Medication Errors

Medication safety is a top priority for nurses and avoiding medication errors is critical. Find out what medication errors have recently been reported to the Institute for Safe Medication Practices (ISMP) and learn recommendations for best practices to help avoid these errors.

Standardizing Drug Infusions

Many critical care medication infusion errors continue to occur particularly during the coronavirus pandemic as smart infusion pumps are placed outside of patient rooms using several extension tubing sets.
In one example, a patient became hypotensive and a pharmacist assisted by preparing the medication outside of the patient room. The pharmacist prepared a standard norepinephrine infusion with 4 mg/250 mL (16 mcg/mL) and placed a handwritten label on the bag. Barcode scanning could not be performed and two errors ensued.
  1. The nurse selected weight-based dosing option (mcg/kg/minute) on the smart infusion pump instead of mcg/min.
  2. The nurse also selected the maximum concentration of 32 mg/250 mL (128 mcg/mL) instead of 4 mg/250 mL (16 mcg/mL).
Since the medication was titrated to maintain the patient’s blood pressure, neither of these programming errors negatively impacted the patient. The provider changed the patient to the more concentrated dose to restrict fluid intake. The original error was caught and corrected by the nurse on the next shift who hung a new infusion bag with barcode label, changed the pump settings and tubing. The infusion and tubing were switched several times more between standard and more concentrated doses. There were concerns that the patient may have received accidental bolus doses and at low infusion rates it’s possible that the medication was not reaching the patient given the volume left in the extension sets.
Recommendations to prevent this type of infusion error include:
  • Standardize to either weight-based (mcg/kg/minute) or non-weight-based (mcg/minute) for norepinephrine dosing.
  • Instead of using new extension sets with each change in concentration, consider disconnecting the existing extension tubing from the patient, flush it with the new concentration, and reattach it to the patient; however, each disconnection and reconnection increases the risk for infection.

Electronic Health Records and Test Patients

A major concern was raised during a state survey visit to a health system. A state surveyor at one of the hospitals (facility A) asked an emergency department (ED) nurse to review its “door-to-needle” process involving accessing alteplase for stroke patients. The nurse demonstrated the system by admitting a test patient in the electronic health record (EHR) then entering an order for alteplase injection. Since the EHR is connected to every facility in the health system, the nurse inadvertently admitted the test patient to another hospital (facility B). The test order was transmitted to the pharmacy at facility B where there happened to be a stroke patient in that ED. Fortunately, the prescribing provider at facility B caught the error before it reached the patient.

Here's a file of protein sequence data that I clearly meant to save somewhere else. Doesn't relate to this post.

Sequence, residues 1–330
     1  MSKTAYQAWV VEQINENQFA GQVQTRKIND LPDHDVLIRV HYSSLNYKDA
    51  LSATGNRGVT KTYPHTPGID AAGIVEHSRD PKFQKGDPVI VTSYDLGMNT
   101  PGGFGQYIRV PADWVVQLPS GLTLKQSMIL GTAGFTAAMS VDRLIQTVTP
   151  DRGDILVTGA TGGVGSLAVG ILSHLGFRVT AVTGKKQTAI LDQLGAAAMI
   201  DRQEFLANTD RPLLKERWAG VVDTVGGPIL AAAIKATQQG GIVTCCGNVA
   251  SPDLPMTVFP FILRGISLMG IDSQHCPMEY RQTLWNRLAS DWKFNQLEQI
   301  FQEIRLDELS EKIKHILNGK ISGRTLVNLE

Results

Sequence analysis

Recommendations to reduce this type of error include:
  • Avoid creating test patients in a live EHR system; instead, use a test environment and train staff to use it when appropriate.
  • If a test patient must be used within a live system, use a patient name that makes it obvious that it is not real, such as “Test Patient”.
  • One hospital within a health system should not be able to affect the workflow at another hospital within the same system by “admitting” patients to the other location.
  • Implement a standard communication process that includes the patient’s full name.
  • Provide staff with instructions and procedures to follow when demonstrating workflow to surveyors.

Drug Name Stem “-xaban”

The drug name stem “-xaban” is a suffix that denotes a class of anticoagulants called factor Xa inhibitors or “factor 10 inhibitors.” These are direct oral anticoagulants (DOACs) that increase the time it takes for blood to clot. The following drugs prevent clotting activation by binding to factor Xa, which prevents the conversion of prothrombin to thrombin, inhibiting the production of fibrin and clot formation:
  • Apixaban (Eliquis) – oral
  • Rivaroxaban (Xarelto) – oral
  • Savaysa (Edoxaban) – oral
  • Arixtra (Fondaparinux) – intravenous or subcutaneous
Indications include the prevention of deep vein thrombosis (DVT), pulmonary embolism (PE), stroke and systemic embolism in patients with non-valvular atrial fibrillation. Dosing may need adjustment based on renal and hepatic function. Common side effects include bleeding and bruising. Clinicians should educate their patients to watch for blood in the urine or stool or symptoms of hemorrhagic stroke. Factor Xa inhibitors do not require international normalized ratio (INR) monitoring. The reversal agent for Xa inhibitors is Andexxa (andexanet alfa).